If you want a great summary of all that Wiltshire’s ancient sites have to offer then grab a copy of Neil Oliver’s recent book “The Story of the Bristish Isles in 100 Places” in which he devotes five chapters to the incredible importance of Wiltshire’s ancient monuments, Stonehenge, Avebury, West Kennet Long Barrow and Silbury Hill, all come alive in his words. The mysteries surrounding these monuments will make you want to rush out and experience them for yourself and his comparison of Silbury Hill to the Egyptian Pyramids makes me realise just what we have on our doorstep. In all the years we’ve lived here I’ve never even been up to West Kennet Long Barrow or visited the skeleton of the Amesbury Archer (“a must –see among dead men” according to Oliver) in Salisbury Museum (apparently he was born near the Alps over 4500 years ago so how did he end up being buried in a field on the Wiltshire Downs?) but I’ll be making an effort to get out more and discover just how much amazing history we are lucky enough to have so nearby.
Closer to home it’s easy to find evidence of more recent generations of people and their horses that have worked our farm land here in the Pewsey Vale over the centuries. Our holiday cottages near Marlborough, The Stables and The Hen House, (www.thestablesbreaks.com) were converted from the old stable building which housed the hard working horses that worked the land before tractors. As we continue to work the same land with our modern machinery it is easy to come across large shire size horse shoes and fragments of the clay pipes that the ploughmen smoked in our fields as they walked up and down behind these animals. It never fails to make me stop and think of all the people who have lived and worked here over the years and what their lives might have been like.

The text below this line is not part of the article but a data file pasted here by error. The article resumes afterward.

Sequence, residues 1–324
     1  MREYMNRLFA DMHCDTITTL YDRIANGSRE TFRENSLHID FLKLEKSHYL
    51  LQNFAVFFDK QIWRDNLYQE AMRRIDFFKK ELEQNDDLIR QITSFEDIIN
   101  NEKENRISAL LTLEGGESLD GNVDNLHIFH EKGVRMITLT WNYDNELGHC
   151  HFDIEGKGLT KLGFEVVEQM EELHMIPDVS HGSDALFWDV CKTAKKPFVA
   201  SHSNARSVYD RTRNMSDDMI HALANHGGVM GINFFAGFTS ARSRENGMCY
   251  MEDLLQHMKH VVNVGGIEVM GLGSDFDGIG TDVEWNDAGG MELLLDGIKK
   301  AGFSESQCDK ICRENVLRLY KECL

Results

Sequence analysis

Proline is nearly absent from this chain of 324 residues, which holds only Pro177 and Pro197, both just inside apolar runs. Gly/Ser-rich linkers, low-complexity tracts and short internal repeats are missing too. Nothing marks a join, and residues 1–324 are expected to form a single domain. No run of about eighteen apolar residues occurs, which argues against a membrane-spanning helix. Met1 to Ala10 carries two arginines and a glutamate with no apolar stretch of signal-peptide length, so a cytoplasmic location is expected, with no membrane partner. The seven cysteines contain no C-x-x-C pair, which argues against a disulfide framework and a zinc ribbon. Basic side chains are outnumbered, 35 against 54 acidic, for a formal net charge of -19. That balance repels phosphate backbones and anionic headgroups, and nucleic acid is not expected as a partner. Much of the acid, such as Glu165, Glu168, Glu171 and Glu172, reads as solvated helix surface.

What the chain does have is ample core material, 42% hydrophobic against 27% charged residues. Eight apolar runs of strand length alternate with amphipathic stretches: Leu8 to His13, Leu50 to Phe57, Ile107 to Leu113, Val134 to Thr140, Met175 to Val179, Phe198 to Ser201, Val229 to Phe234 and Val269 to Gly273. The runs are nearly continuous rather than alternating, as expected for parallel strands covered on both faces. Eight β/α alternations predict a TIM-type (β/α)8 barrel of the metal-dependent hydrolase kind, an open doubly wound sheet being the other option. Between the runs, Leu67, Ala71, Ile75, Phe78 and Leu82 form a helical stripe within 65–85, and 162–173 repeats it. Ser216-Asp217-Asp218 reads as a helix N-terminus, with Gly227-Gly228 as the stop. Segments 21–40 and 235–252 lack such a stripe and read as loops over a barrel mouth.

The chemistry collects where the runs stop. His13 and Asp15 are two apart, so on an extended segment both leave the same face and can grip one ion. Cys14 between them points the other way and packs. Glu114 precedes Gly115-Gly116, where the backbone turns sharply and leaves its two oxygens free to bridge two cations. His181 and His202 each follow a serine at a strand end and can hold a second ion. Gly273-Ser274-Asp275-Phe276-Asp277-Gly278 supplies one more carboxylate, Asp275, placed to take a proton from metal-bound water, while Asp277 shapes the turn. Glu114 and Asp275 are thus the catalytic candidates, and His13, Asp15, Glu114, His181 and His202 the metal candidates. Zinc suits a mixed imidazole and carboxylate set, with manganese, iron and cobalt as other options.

History comes in layer upon layer in an area as ancient as ours. A few years ago a friend came over to visit, all excited with his new metal detector, and spent just a couple of hours in the field by our cottages trying to get it to work. In that short t time he found a few coins and artefacts which represented many centuries of history – a roman coin, a medieval shoe buckle, a 13th century coin, a musket ball, an 1817 coin and some Victorian pennies along with a few tin cans from a recent teenage party! It is quite mind blowing to hold these small objects and peer through the centuries of history.
It doesn’t matter how long you have known or lived in Wiltshire it never ceases to amaze and if you have never been then what are you waiting for? A visit to Wiltshire won’t be disappointing!